Prolific WWII letter writer returning home after 75 years

Julia LeDoux
April 29, 2019 - 11:32 am
Vincent J Rogers and pups

Marich Field Air Museum

“Just to let you know I’m still here, wishing I was back in the States," Vincent J Rogers wrote in what would be his final letter home to his parents dated Jan. 16, 1944. “Gosh, I sure would give a lotta money to be able to step foot in Buffalo again.”

More than 75 years after he penned those words, he is headed home. 

Rogers, an Army Air Force staff sergeant died when his bomber went down on Jan. 21, 1944.

According to the Defense POW/MIA Accounting Agency, Rogers, 21, of Snyder, New York was an assistant radio operator with the 38th Bombardment Squadron, (Heavy), 30th Bombardment Group, stationed at Hawkins Field on Betio Island in the Gilbert Islands when his B-24J bomber crashed in shallow water shortly after take-off.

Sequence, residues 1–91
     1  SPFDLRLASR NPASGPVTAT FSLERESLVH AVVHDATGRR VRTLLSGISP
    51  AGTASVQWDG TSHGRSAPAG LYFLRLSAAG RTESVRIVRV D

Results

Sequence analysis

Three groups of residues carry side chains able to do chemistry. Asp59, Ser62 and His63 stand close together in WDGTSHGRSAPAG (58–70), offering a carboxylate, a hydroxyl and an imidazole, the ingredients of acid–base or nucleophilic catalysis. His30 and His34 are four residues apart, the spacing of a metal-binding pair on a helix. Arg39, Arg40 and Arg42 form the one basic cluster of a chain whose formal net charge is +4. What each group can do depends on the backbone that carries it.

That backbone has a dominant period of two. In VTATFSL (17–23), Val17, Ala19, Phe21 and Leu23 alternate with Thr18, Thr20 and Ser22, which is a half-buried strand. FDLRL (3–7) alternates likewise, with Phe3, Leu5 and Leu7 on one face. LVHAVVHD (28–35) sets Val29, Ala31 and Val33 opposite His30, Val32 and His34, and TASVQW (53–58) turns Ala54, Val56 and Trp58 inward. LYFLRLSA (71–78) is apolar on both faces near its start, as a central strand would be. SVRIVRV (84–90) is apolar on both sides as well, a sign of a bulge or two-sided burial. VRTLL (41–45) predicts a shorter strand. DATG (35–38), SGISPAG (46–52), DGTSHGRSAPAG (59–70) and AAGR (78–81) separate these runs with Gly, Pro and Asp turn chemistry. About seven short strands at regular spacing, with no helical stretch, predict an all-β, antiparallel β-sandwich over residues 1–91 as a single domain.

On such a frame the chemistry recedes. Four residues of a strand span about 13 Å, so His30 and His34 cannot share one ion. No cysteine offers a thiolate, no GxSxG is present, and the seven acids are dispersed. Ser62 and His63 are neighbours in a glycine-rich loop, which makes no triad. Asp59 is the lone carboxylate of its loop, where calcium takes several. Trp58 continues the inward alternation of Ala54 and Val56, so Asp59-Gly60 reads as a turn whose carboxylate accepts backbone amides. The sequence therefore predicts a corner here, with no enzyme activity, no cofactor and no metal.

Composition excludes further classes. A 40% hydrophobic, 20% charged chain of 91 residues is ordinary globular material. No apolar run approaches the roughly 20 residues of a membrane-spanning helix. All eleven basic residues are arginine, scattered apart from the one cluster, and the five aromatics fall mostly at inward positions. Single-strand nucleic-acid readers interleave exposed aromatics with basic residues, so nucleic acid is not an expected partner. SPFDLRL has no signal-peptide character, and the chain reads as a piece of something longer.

The squad's doctor was an eyewitness to the crash and immediately waded into the water and rescued three members of the 10-man crew. The other seven crew members died in the crash. Their remains were subsequently recovered from the wreckage and buried in a temporary cemetery on the island.

Staff Sgt. Vincent J. Rogers, Jr. lives on in his World War II letters

Years later the Army returned to the island to look for the remains of the 7 crew members. They were able to identify 3 of the crew members but at that time they were not able to positively identify the other four.

Recently scientists from DPAA were able to use dental and anthropological analysis to locate Rogers' remains at a burial site in Honolulu. 

Rogers will be buried in Riverside, California, at a date still to be determined.

Vincent J Rogers
DPAA.gov


Of the 16 million Americans who served in World War II, more than 400,000 died during the war. Currently, there are 72,729 service members still unaccounted for from World War II. Of that number, approximately 26,000 are considered possibly recoverable.

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